Thomas Bewick, 1753-1828, was not only a wood engraver, but a brilliant water-colourist, self-taught naturalist and wildlife illustrator.
He wrote his own Memoir during the last six years of his life, but it was not published until 1862.
After his death, his daughters Jane and Isabella guarded their father’s papers and artwork from public view. But in 1880 they loaned some of his drawings and woodcuts for an exhibition at the Fine Art Society in London. This was the signal for the steady flow of Bewick studies that has gone on ever since.
Morpeth scholar Robert Blakey first met Bewick in about 1818. He said: “It was chiefly at the Fox and Lamb that I met him, though I had enjoyed three or four private interviews with him at the residence of a mutual friend. I took notes of his conversation, and have ever since preserved them with a degree of fond recollection.”
He wrote up these notes and they were published in 1879 in his Memoirs, well before the flood of books about Bewick had begun.
“Thomas Bewick formed an important epoch in the history of wood engraving, and he affords one of many examples in the history of science and art how irregularly and capriciously the seeds of genius are scattered among the various classes and orders of mankind.
“I did not know Thomas Bewick until within the last ten years of his life. He was then an interesting-looking old man, of portly size, and of a good-humoured and social temperament.
“He frequented a sort of club room at the Fox and Lamb at the foot of Pilgrim Street, Newcastle, and many happy and pleasant hours he spent with a few select, intelligent and jocular friends, who congregated here, chiefly with a view to enjoy his company and conversation.
“He was fond of porter, and I have known him sit from seven o’clock in the evening till 11, sipping his favourite beverage to the tune of five or six pints. It did not seem to produce any muddling or stupefying effect upon him whatever. He was always clear, collected, humorous and pleasant. Custom, I have no doubt, had rendered this indulgence quite innoxuous (sic) both to his body and mind.
“Bewick was not what may be called a vain man of his great fame and acquirements, for pride he had none. Still, he loved to dwell with cheerful complacency upon his own exploits and subjects closely connected with them.
“He used to observe often, particularly to any new acquaintance, that if a letter simply directed to ‘Thomas Bewick, Engraver,’ were to be forwarded by post from any civilised part of the globe, it would be sure to find its way, in perfect safety, to Newcastle-upon-Tyne.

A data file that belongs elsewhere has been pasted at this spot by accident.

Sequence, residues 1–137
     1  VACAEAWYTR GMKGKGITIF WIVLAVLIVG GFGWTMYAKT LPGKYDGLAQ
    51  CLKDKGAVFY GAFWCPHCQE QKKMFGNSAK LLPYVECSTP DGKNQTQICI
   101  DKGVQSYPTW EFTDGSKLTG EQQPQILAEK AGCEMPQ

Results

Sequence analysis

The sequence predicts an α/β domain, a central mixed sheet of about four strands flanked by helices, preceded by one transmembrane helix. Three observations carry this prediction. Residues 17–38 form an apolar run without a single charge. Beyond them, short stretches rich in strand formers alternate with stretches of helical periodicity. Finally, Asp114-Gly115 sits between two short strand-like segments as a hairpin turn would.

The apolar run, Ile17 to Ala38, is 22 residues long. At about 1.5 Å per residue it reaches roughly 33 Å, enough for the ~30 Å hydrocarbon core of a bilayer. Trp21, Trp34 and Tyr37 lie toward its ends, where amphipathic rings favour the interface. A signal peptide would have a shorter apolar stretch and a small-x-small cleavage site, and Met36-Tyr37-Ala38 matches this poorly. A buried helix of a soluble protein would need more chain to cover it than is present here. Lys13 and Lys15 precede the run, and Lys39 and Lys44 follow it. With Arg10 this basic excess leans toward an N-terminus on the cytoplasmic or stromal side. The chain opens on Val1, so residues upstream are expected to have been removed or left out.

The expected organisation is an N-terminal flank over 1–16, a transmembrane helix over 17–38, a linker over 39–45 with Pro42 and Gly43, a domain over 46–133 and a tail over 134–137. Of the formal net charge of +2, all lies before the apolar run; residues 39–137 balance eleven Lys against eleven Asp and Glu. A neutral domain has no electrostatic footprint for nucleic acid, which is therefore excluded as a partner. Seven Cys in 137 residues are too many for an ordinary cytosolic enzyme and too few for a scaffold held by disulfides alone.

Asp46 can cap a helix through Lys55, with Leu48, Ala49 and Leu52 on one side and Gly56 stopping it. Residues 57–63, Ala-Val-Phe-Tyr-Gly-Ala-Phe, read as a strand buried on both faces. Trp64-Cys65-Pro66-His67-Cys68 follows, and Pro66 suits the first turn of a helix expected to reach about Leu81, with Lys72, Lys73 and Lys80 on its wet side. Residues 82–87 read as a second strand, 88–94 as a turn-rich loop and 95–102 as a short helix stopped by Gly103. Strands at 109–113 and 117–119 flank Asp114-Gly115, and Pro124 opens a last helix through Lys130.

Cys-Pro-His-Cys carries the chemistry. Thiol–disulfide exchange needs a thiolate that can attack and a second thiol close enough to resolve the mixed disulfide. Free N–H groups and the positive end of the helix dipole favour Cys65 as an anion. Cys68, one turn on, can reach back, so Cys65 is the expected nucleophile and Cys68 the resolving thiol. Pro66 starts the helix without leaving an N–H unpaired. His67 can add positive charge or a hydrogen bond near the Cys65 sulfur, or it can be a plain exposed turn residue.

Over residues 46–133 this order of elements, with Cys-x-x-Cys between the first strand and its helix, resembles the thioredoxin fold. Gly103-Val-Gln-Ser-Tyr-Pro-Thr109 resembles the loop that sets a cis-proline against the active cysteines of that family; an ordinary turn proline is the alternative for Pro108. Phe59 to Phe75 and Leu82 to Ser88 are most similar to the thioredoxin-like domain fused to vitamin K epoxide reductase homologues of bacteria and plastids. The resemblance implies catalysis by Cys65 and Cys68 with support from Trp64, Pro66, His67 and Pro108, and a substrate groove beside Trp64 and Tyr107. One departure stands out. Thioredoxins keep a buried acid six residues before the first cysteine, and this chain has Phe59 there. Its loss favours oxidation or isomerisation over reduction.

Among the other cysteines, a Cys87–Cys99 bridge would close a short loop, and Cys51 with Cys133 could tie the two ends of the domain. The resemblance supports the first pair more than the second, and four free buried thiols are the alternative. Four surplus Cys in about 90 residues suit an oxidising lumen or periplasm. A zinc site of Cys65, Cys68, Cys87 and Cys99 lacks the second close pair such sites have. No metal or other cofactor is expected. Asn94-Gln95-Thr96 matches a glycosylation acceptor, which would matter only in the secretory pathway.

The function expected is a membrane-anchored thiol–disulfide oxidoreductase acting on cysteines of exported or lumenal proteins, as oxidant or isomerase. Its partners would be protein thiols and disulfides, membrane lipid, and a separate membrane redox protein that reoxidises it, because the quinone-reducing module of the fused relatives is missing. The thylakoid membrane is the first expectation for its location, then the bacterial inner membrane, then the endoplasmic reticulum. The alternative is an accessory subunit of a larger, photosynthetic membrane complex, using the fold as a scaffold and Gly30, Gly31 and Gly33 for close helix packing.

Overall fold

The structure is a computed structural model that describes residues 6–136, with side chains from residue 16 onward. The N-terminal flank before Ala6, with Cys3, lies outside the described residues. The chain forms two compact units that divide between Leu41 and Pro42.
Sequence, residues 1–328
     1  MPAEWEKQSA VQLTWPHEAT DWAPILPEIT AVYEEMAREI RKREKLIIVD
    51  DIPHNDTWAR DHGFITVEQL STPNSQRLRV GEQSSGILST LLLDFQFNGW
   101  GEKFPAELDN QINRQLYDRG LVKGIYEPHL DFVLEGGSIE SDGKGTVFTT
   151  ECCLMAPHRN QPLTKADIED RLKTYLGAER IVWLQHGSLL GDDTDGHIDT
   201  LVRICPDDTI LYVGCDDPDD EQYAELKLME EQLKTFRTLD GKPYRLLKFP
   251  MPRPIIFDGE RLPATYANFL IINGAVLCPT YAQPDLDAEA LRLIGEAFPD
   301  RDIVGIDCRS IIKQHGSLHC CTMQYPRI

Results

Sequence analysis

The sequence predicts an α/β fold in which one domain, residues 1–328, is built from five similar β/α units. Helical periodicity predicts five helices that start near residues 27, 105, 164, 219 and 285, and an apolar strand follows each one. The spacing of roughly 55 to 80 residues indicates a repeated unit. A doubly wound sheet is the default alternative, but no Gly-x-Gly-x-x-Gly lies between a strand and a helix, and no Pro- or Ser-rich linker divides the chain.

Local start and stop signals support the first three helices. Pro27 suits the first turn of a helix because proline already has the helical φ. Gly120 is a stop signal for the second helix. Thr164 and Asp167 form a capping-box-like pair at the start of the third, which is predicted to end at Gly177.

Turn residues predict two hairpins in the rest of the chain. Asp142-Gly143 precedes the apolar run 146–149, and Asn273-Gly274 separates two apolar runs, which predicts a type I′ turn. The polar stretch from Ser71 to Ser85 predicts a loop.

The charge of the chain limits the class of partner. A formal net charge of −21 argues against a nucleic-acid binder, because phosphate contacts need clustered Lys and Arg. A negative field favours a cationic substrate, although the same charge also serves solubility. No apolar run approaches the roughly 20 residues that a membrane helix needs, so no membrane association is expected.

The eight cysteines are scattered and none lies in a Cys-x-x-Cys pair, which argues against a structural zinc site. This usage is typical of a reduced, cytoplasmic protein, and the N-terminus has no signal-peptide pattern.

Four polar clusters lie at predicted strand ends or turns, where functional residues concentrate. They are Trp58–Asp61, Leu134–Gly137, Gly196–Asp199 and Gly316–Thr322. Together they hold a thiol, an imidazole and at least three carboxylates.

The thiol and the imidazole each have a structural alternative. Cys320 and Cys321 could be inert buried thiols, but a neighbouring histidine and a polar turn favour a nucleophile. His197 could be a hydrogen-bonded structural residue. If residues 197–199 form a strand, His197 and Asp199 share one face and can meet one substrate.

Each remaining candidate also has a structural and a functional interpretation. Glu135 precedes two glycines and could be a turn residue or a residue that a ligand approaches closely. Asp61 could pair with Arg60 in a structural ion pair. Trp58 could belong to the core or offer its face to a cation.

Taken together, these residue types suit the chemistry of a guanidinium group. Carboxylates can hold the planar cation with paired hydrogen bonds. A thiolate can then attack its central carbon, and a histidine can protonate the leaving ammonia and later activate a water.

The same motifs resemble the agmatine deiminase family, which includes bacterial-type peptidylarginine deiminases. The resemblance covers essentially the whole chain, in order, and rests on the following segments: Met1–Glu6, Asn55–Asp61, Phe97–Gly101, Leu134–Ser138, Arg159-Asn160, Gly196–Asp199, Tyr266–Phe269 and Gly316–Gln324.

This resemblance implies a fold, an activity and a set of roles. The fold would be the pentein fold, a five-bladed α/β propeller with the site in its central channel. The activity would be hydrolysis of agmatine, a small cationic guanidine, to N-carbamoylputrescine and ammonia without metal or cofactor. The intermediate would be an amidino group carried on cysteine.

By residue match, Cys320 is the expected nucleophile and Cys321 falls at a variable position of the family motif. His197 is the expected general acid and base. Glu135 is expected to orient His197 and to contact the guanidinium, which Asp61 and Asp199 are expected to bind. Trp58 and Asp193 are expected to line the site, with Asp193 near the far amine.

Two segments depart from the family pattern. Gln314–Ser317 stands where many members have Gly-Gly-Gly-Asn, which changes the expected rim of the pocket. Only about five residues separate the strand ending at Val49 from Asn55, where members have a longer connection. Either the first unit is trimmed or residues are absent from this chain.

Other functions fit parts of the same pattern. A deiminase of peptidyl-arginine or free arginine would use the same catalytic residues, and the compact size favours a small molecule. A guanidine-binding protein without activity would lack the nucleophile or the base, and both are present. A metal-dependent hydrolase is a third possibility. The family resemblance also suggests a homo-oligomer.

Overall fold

“This experiment was, perhaps, never tried; but I have no doubt that if it had it would have fully confirmed the artist’s conjecture.
“He could not be considered a learned man, but he possessed a more than usual share of common sense; and this generally conducted him to safe and judicious conclusions on most subjects in which he felt any interest. He was a keen observer of the world, yet his shrewdness was entirely devoid of cunning and ill-nature.
“Bewick often dwelt upon his trip to London, ‘I was,’ said he, ‘quite overpowered by the coldness and selfishness of everything I witnessed. In every direction there was a hurry-scurry; and all the softer and more amiable feelings of man’s nature seemed to me to be obliterated from the scene.
“‘I was nothing in the great mass of moving humanity... I never saw a single recognition of acquaintanceship or friendship in the streets; every single unit of humanity was moving in rapid succession, as if it had no connection with anything around it.
“‘How different from what I had all my life been accustomed to! Why, in Newcastle, I could not get from my own door to Mr Charnley’s shop in Bigg Market without having 20 enquiries made by friends about my health and comfort of my household.
“‘But in London life is cheap; the hearts of even good men get hardened and that mutual regard and sympathy, which are the real balsams of life, are seldom tasted. I was delighted beyond measure when I turned my back on the place’.
“I have often thought that Bewick had a prophetic anticipation of the almost universal use of wood engraving since his day; for I well remember that on one of his evening parties the conversation turned on his own profession, and he stoutly maintained, against an ingenious opponent, that not many years would pass over until the art would be almost indefinitely extended.
“His words still ring in my ears, ‘I feel quite certain that there is still room for great improvements in wood engraving; and when sufficient encouragement is given for its more extended use greater nicety and skill will be displayed. We are only children yet in reference to many things, and wood engraving among the rest’.”
Note: All pictures are from Julia Boyd, Bewick Gleanings, 1886, republished by Frank Graham in 1973, and all except the portrait almost certainly by Thomas Bewick.